Student 3: The journey back to Sri Lanka was very well organised by the (Sri Lankan) High Commission in the UK. They took quick action to ensure all nationals and students arrived safely back to the country. The process of actually getting to the camps was tiresome though; there was a lot of misinformation of what was going on, but we got there eventually.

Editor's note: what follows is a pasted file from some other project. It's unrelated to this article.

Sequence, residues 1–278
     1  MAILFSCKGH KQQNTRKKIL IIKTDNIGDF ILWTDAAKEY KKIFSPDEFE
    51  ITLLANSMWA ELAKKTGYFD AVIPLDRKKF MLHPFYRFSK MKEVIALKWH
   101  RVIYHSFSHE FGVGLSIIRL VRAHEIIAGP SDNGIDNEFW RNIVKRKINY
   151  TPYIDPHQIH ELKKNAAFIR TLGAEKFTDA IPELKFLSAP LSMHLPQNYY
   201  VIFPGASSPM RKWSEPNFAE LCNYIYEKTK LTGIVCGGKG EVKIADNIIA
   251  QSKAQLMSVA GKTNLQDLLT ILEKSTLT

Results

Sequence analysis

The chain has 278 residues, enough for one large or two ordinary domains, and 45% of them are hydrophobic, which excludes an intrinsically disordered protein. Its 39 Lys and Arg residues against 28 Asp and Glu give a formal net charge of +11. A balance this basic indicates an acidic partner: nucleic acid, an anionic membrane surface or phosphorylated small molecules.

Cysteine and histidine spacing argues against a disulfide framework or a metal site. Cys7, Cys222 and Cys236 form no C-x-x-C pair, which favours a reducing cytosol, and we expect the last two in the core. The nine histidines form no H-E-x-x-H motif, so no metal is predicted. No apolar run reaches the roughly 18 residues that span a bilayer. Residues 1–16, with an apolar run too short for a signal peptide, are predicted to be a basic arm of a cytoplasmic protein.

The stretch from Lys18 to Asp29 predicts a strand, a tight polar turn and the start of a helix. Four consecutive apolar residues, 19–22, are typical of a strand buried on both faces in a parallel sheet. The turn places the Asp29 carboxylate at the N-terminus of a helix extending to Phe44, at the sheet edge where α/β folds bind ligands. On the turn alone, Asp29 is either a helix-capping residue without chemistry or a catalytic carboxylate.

Student 4: My decision to leave the UK and come back to Lanka happened within a matter of three hours on 15 March as I was informed that the scenario in Sri Lanka was getting worse and they may ban all flights to Sri Lanka from the UK the day after. I had to pretend that my house was on fire and pack anything I could and leave to head to London to catch a flight in eight hours. Everything was hectic and nothing was certain as to what would happen when I landed in Sri Lanka. Right before we boarded the SriLankan Airlines flight, we were given an official letter informing us that the entire flight – UL 504 – was going to be quarantined. At this point, around 100 people turned back and didn’t board the flight according to the staff at the checkpoint. When we landed in Sri Lanka at 12.30 p.m. on 16 March, we were all put in a bus and sent to an area where we were all queued up to be disinfected. Our luggage was taken separately where they were all disinfected as well. Note that we still hadn’t seen our parents or anything outside the airport. The journey to Diyatalawa was tiring and bumpy. The Army was very welcoming and tried their best to make us feel safe and comfortable. Finally, we got there, took a shower, and slept.